Kalidasa (Servant of Kali) was a renowned Classical Sanskrit writer, widely regarded as the greatest poet and dramatist in the Sanskrit language. His floruit cannot be dated with precision, but most likely falls within 4th Century AD.
His plays and poetry are primarily based on Hindu Puranas and philosophy.
Nothing apart from his works is known with certainty about the life of Kalidasa, such as his period or where he lived. Little is known about Kalidasa's life. According to legend, he was known for his beauty, which brought him to the attention of Princess Vidyottama and she married him. However, as legend has it, Kalidasa had grown up without much education, and the princess was ashamed of his ignorance and coarseness.
A devoted worshipper of Kali She is the embodiment of empowerment and a fierce aspect of the Goddess. She is black in her complexion and thus she is named Kali. She is the Goddess of time, power, change and destruction and is majorly worshipped in South India, Bengal and Assam(by other accounts of SaraswatiSaraswati
The name Saraswati is a combination of two Sanskrit words...), Kalidasa is said to have called upon his goddess for help when he was going to commit suicide in a well after he was humiliated by his wife, and was rewarded with a sudden and extraordinary gift of wit. He is then said to have become the most brilliant of the "nine gems" at the court of the king Vikramaditya He was a renowned ruler of Ujjain, famous for his wisdom, courage and generosity. He belonged to the Paramara dynasty. He was a very religious person and built the famous temple of Harsidhhi at Ujjain.of Ujjain. Legend also has it that he was murdered by a courtesan in Sri Lanka during the reign of Kumaradasa.
Kalidasa wrote three plays. Among them, Abhijñanasakuntalam ("Of Shakuntala recognised by a token") is generally regarded as a masterpiece. It was among the first Sanskrit works to be translated into English, and has since been translated into many languages.
Malavikagnimitram ("Malavika and Agnimitra") tells the story of King Agnimitra, who falls in love with the picture of an exiled servant girl named Malavika. When the queen discovers her husband's passion for this girl, she becomes infuriated and has Malavika imprisoned, but as fate would have it, Malavika is in fact a true-born princess, thus legitimizing the affair.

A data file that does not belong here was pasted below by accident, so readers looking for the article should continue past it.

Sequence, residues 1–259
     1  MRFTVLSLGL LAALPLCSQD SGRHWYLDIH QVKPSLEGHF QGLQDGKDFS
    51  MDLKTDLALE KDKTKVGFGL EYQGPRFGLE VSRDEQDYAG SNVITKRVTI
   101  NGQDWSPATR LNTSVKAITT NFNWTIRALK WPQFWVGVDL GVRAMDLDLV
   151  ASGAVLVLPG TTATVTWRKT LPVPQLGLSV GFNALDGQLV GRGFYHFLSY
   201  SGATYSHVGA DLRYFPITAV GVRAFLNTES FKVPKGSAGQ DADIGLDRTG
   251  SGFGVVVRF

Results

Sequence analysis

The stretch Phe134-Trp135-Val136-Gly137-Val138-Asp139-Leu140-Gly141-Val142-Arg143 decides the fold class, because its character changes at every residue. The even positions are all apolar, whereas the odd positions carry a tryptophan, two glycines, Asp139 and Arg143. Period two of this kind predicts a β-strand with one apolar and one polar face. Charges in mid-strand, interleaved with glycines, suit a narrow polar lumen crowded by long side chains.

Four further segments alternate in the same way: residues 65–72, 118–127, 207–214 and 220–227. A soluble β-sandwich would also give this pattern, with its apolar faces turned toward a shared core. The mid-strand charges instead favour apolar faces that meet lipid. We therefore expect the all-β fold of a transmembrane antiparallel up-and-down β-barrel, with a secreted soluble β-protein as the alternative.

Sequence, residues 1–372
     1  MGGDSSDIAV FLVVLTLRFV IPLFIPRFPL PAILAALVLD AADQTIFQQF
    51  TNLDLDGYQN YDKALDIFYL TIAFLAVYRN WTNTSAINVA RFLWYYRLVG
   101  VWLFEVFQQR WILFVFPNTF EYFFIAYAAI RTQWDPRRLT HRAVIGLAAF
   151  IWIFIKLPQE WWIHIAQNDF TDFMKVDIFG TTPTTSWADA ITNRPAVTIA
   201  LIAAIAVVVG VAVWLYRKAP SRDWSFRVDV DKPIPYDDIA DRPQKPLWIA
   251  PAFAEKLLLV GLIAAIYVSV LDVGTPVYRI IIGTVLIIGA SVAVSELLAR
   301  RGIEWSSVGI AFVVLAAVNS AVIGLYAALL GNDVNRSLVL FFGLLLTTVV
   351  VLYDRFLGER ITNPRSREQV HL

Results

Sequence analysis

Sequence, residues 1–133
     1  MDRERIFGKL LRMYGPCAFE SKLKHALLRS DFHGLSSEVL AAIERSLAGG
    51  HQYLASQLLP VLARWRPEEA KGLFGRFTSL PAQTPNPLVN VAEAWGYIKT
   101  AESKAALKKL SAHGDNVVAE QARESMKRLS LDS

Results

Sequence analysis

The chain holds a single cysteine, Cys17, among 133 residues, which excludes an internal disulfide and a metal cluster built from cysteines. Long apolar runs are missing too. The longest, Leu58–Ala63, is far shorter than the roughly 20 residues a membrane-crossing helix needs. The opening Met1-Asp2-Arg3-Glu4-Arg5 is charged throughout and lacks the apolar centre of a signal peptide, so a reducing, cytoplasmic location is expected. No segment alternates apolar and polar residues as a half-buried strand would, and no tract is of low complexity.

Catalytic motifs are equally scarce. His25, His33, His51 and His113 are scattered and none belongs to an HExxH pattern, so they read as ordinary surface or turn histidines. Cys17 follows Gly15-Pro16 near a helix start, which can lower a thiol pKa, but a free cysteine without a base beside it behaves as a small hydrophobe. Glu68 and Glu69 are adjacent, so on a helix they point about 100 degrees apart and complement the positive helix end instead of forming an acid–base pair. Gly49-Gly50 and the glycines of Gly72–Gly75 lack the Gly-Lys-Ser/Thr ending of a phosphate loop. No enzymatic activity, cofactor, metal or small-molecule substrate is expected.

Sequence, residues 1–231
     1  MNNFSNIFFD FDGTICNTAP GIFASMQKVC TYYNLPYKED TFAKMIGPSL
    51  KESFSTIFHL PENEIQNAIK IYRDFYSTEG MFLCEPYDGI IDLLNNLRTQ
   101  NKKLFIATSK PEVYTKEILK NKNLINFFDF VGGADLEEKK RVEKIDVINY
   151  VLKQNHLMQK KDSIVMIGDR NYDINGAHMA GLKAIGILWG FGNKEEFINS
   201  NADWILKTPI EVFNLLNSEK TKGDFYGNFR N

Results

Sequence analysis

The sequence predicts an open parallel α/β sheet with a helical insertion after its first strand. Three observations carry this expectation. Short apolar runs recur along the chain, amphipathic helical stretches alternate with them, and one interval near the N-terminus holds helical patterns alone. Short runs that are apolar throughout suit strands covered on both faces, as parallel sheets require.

Abhijñanasakuntalam ("Of Shakuntala recognised by a token") tells the story of King Dushyanta who, while on a hunting trip, meets Shakuntala, the adopted daughter of a sage, and marries her. A mishap befalls them when he is summoned back to court: Shakuntala, pregnant with their child, inadvertently offends a visiting sage and incurs a curse, by which Dushyanta will forget her completely until he sees the ring he has left with her.
On her trip to Dushyanta's court in an advanced state of pregnancy, she loses the ring, and has to come away unrecognized. The ring is found by a fisherman who recognizes the royal seal and returns it to Dushyanta, who regains his memory of Shakuntala and sets out to find her. After more travails, they are finally reunited.
Vikramorvasiyam ("Pertaining to Vikrama and Urvashi") tells the story of mortal King Pururavas and celestial nymph Urvashi who fall in love. As an immortal, she has to return to the heavens, where an unfortunate accident causes her to be sent back to the earth as a mortal with the curse that she will die (and thus return to heaven) the moment her lover lays his eyes on the child which she will bear him. After a series of mishaps, including Urvashi's temporary transformation into a vine, the curse is lifted, and the lovers are allowed to remain together on the earth.
Kalidasa is the author of two epic poems, Raghuva?sa ("Dynasty of Raghu") and Kumarasambhava ("Birth of Kumara"). Among his lyric poems are Meghaduta ("Cloud Messenger") and ?tusa?hara ("The Exposition on the Seasons").